I see all of my drawings as bodies. Sometimes they’re clearly figurative and at other times more about abstraction or abstracted. In the end they always relate to the figure. Sometimes they have a story, sometimes not. I’ve learned that if I tell my story, it becomes the story and not everything we make needs to have a story. I’m open, in fact want, the drawings to live with other people’s stories. I want the drawings and the figures to take on their own personality and become real inthemselves.

And where do these ideas come from?

For the past 15 years I’ve drawn, painted and collaged in sketchbooks – smaller format sketchbooks. It’s an important part of my practice. I showed the more recent sketchbooks to someone last summer and they commented that the drawings feel much larger than the page they’re drawn on. I realized recently that I’ve been working in these books as though the pages are very, very large spaces, so why not do them directly on the wall? For now I’m going to keep working from these book drawings. I really want to see them on a larger scale

The show at Katzman Contemporary had such an interesting title, “in between in between”.  How did that title come about and how do you see your work in that space ‘in between”?

While I often don’t know what the figure is, the work is often about abstraction so the show’s title; "in-between-in-between” really worked for me. It describes that place that’s not drawing, not sculpture and not painting. The lines, although assured, can also feel tentative and vulnerable. The subject matter and the drawings themselves are often awkward, in between. I was pleased when Marianne came up with that title. It was all the more fitting because both Meryl’s practice, like mine, always leads back to the body as an ‘in between’ place - her work, through documentation of performance, and mine, through the narrative of line and form.

When we talk about bodies in art, there is often the question about the female body, either in a work of art or who is creating the art.  There are enough data in the world of art and business that points to a considerable gender bias that works against women.  In your opinion as a woman artist working in Vancouver, has being female helped or hindered your progress as an artist?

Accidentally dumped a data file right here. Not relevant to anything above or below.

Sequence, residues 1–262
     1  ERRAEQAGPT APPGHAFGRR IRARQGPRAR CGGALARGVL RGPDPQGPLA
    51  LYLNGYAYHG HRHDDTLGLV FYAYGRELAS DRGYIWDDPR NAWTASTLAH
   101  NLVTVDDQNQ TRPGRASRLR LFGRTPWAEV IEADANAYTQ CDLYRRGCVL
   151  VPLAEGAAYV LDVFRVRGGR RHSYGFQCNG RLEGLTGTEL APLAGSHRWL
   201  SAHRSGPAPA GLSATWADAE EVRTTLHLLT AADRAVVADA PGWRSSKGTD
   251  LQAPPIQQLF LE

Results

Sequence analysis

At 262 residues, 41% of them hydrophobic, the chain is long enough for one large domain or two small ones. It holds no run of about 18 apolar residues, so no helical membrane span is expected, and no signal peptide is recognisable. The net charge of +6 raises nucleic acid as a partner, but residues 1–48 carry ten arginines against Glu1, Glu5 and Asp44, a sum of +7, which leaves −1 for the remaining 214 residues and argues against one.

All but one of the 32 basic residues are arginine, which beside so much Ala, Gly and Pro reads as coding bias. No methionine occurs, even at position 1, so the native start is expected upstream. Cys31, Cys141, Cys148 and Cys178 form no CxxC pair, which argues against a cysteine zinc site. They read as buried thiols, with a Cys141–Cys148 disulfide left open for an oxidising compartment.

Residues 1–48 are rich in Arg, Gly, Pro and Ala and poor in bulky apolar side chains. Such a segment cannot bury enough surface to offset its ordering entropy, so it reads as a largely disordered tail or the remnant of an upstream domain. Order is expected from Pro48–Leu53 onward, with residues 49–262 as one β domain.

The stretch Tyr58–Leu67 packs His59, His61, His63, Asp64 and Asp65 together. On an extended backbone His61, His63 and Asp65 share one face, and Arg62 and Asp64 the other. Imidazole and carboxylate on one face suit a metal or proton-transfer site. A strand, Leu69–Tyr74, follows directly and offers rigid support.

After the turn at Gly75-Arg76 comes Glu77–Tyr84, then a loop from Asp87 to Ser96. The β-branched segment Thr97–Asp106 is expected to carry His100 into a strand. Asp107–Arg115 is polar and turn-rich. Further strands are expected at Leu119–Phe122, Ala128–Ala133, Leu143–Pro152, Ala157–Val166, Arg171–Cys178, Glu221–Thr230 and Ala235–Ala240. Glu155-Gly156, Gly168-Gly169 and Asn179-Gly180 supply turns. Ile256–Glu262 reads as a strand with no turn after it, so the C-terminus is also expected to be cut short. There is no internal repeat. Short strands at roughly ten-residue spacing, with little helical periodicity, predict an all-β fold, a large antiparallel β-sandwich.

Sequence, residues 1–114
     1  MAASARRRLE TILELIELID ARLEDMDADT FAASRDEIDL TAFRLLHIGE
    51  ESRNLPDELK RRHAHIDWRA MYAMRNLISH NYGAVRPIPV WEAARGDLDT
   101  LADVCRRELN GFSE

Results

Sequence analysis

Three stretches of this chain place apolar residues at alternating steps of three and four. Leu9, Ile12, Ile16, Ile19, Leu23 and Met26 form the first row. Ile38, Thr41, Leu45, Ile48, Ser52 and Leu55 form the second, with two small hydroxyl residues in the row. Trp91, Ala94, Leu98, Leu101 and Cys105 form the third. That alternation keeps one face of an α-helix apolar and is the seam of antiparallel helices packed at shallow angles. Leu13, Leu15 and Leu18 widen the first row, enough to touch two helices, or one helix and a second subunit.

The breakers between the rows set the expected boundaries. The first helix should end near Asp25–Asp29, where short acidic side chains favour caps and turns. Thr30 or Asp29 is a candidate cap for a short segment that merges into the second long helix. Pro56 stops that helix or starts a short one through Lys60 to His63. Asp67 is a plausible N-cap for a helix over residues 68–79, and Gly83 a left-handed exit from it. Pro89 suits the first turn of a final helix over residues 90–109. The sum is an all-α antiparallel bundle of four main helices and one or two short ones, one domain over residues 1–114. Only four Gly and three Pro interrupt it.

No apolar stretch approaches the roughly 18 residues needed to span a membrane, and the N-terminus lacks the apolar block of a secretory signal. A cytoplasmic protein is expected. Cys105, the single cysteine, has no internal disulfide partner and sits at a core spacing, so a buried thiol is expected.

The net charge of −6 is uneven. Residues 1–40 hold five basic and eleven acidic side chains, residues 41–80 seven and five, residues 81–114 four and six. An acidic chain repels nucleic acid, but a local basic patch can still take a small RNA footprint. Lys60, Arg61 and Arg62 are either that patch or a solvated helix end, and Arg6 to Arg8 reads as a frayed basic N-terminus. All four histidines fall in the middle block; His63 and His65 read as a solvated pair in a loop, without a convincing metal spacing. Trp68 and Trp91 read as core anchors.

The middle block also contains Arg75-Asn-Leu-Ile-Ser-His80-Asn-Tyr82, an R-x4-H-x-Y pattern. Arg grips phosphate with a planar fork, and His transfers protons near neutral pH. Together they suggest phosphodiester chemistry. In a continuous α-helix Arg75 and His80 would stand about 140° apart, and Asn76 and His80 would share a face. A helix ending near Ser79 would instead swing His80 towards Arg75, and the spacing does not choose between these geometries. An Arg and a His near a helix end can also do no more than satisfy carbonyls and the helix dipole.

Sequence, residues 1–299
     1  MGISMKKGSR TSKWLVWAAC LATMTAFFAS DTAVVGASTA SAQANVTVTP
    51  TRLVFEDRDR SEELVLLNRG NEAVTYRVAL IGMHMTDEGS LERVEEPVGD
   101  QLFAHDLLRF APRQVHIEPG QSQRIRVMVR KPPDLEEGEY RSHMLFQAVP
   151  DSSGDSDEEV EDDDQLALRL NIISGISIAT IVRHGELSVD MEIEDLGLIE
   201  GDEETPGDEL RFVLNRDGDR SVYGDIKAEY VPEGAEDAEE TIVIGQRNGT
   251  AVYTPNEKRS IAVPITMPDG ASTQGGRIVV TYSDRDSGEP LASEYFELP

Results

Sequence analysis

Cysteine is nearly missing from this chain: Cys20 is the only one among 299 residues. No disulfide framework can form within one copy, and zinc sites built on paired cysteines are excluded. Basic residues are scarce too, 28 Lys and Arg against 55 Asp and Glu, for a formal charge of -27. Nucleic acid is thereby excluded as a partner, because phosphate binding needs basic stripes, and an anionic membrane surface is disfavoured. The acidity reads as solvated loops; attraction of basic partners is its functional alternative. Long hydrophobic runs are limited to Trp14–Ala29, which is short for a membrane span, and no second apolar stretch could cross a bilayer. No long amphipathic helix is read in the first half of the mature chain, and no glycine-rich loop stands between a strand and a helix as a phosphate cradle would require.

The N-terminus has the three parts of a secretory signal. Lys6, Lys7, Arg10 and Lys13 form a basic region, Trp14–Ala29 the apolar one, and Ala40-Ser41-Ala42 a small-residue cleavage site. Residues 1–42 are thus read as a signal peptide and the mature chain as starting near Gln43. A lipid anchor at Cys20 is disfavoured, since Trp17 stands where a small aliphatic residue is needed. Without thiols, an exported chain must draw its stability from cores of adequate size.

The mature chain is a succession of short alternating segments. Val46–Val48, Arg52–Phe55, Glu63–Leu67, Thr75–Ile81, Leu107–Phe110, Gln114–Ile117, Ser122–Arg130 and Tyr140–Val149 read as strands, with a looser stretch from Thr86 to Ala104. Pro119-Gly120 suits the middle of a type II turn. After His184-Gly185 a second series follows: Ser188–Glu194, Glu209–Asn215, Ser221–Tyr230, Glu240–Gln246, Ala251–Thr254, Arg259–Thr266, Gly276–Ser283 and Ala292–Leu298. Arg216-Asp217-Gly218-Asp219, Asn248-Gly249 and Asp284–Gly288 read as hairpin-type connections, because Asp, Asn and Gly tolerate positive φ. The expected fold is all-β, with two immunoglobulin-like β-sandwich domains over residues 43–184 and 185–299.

I grew up in Ottawa and was fortunate enough to have parents who had original art on their walls. They liked buying art and my mother had a number of art books. It never occurred to me that her books were all about men. I assumed when I read about their lives that what they had done, I could do! Around 1975 there was a show at the National Gallery in Ottawa titled, Some Canadian Women Artists. This show had a huge impact and in a way turned all of what I had thought about art, inside out. The materials these artists used, the way they worked, how they were using space, what they said about their work - all of it - felt completely new and relevant. I started looking at art making differently.

After graduating in 1978 I immediately rented a studio, got a job, focused on my studio practice and having exhibitions. I was young, people wanted to show my work. By the time I hit my mid 30’s and 40’s I was still in the studio, but not so young anymore and trying to survive financially. I was not having shows regularly. By the time I was in my early fifties I was starting to question whether or not I could financially afford to keep my studio. I was still not exhibiting regularly and not getting grants. It was increasingly challenging to pay the rent and buy materials.

At almost 60 I still have a job that helps pay the bills and things have started opening up. I have representation. Pantea Haghighi, owner and Director of Republic Gallery here in Vancouver took on my work a few years ago. I’m showing more regularly. There’s interest and more exposure. Public galleries are offering shows. There is also a renewed interest in drawing. All of it put together has made a difference. Maybe, being a woman artist over 60 won’t be so bad after all….


About Janna Kumi
The first time studying art was in Montreal in 1968. I only lasted one year, but instead went on to graduate with degrees at the Bachelor and Masters level in physical geography and forestry from the Universities of Concordia, Munich and British Columbia. I had a successful and rewarding career working as a forester in private industry and government, and as a treaty negotiator with the Federal Government, but after a major stroke in 2005, I had to review my priorities. I thought it was time to pick up what I left so long ago.  After completing studies at Emily Carr University and a recent Bachelor of Fine Art from the University of British Columbia, I now pursue my last career with the same passion and commitment.

May 2015.